Adoption Poetry and The Earth’s Final Destruction

It’s Carnival time again at Grown In My Heart, this time it’s all about poetry.  You can participate by writing a blog post on the subject and clicking Mr Linky (that always sounds kinda dirty to me, like “Come sit on Mr. Linky’s lap, little girl.” ) right here.

OK, here we go….

The Hitchhiker’s Guide To The Galaxy defines Vogon Poetry as such….

“Vogon poetry is the third worst in the Universe. The second worst is that of the Azgoths of Kria. During a recitation by their Poet Master Grunthos the Flatulent, of his poem, Ode to a Small Lump of Green Putty I Found in My Armpit One Midsummer Morning, four of his audience members died of internal hemorrhaging, and the president of the Mid-Galactic Arts Nobbling Council, survived by gnawing one of his own legs off… The very worst poetry in the universe died along with its creator, Paula Nancy Millstone Jennings of Sussex… in the destruction of the planet Earth.”

Though very little of Mrs. Jennings poetry survives, I am certain that she was must have had some connection to adoption.  There could be no other way The Guide would have granted her the distinction of worst poet in the universe.

Adoption brings out the most evil of muses.  That muse that would tempt one to compare not just body parts but bodily functions with the act of filling out paper work.  To entice one to draw parallels between celestial occurrences and bureaucracy. Between one’s arms and a dumpster.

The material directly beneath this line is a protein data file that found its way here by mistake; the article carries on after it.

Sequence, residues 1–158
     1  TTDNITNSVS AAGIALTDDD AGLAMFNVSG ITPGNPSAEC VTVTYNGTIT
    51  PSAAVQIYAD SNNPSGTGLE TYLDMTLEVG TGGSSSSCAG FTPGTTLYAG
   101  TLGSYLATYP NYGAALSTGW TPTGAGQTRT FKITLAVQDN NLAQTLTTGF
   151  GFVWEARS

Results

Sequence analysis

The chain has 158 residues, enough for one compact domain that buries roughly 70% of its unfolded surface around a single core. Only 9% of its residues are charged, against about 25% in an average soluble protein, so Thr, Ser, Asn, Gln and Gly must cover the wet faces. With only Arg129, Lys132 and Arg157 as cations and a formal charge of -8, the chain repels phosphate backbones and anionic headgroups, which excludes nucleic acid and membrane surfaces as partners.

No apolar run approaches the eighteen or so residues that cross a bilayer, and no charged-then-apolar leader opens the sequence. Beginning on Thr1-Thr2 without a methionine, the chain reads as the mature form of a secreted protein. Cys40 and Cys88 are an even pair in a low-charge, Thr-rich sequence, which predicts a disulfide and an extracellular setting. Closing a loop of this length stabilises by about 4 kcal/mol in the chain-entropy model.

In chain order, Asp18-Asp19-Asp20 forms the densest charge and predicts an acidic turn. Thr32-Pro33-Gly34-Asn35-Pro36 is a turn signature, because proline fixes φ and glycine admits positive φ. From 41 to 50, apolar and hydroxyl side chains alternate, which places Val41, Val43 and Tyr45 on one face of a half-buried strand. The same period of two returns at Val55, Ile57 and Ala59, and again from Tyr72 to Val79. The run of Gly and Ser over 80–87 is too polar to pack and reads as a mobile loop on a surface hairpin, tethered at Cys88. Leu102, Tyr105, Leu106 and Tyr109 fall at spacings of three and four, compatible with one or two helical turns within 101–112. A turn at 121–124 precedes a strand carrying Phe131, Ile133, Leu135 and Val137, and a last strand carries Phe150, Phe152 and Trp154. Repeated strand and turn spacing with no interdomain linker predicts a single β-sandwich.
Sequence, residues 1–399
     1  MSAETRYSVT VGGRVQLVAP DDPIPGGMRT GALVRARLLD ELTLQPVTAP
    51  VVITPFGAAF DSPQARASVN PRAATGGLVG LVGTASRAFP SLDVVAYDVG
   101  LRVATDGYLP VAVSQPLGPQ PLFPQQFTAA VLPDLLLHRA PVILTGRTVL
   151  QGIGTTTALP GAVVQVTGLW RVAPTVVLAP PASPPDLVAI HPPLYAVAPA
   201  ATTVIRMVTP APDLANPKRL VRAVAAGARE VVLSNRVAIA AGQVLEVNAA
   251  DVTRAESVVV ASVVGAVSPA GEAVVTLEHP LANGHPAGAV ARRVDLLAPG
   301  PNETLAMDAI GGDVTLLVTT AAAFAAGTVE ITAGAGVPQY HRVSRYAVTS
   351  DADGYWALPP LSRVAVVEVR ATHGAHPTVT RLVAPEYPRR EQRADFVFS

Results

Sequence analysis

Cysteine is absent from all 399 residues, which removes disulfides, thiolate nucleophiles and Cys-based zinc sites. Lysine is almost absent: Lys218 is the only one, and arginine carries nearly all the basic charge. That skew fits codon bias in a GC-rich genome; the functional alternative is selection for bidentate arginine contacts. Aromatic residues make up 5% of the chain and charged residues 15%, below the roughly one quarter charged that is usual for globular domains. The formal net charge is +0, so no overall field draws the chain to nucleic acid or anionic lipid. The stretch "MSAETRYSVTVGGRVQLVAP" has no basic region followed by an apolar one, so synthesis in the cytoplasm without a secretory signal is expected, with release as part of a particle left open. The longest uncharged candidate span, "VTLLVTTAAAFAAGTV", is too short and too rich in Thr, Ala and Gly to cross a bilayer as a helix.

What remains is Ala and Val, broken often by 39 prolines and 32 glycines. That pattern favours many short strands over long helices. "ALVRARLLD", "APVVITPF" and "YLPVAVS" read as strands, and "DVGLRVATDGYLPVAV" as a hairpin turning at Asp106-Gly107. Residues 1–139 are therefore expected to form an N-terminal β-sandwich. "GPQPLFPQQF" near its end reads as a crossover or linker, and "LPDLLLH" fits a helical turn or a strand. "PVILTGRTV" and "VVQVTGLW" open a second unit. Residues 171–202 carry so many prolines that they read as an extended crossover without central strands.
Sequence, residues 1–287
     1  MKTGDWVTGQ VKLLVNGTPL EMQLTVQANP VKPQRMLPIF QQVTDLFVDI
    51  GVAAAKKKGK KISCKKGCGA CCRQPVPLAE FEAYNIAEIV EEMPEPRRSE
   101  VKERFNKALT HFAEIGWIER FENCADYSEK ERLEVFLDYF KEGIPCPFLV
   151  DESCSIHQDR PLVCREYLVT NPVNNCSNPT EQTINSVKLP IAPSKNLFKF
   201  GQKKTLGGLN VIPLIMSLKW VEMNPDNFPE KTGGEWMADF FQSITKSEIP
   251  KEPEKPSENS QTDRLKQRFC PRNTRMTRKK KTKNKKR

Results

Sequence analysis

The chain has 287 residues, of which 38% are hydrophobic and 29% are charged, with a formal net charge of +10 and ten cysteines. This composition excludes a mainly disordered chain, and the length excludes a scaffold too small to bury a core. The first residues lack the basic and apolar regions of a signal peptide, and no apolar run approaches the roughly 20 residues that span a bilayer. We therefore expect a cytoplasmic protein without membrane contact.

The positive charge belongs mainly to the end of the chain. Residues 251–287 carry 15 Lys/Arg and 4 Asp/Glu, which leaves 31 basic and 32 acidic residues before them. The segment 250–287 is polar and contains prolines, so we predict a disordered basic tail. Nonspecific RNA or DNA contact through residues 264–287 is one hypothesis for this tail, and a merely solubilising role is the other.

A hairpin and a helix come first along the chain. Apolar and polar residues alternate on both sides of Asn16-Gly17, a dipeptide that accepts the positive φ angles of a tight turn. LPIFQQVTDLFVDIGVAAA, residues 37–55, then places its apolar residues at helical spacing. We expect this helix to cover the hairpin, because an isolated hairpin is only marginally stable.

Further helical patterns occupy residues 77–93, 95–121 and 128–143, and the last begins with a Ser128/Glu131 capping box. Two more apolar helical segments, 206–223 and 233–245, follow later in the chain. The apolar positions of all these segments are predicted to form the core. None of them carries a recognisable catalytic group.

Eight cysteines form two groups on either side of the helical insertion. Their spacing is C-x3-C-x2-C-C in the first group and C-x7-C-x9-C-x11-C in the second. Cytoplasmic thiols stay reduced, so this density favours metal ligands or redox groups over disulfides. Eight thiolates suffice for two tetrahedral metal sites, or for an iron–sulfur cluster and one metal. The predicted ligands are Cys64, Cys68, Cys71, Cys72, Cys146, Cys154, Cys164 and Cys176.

It is almost impossible not to fall into the many traps that lay in wait for the aspiring adoption  poet.  The more passionate the writer, the more dangerous the pitfalls.  The state of mind responsible for one poet to rhyme ‘orphanage’ with ‘mother’s gaze’ is nearly unimaginable.

If for any reason you are tempted to pen a poem about adoption, first call a trusted friend, or seek the support of family or clergy.  You don’t have to be responsible this.  Help is available.

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Adoption Reunion Stories Needed

You’ve probably already heard about this since Claudia is the Undisputed Queen of the Internet, and beat me to it, but we’re going to edit a book.  A book about adoption reunion.  A book that is going to feature stories from you.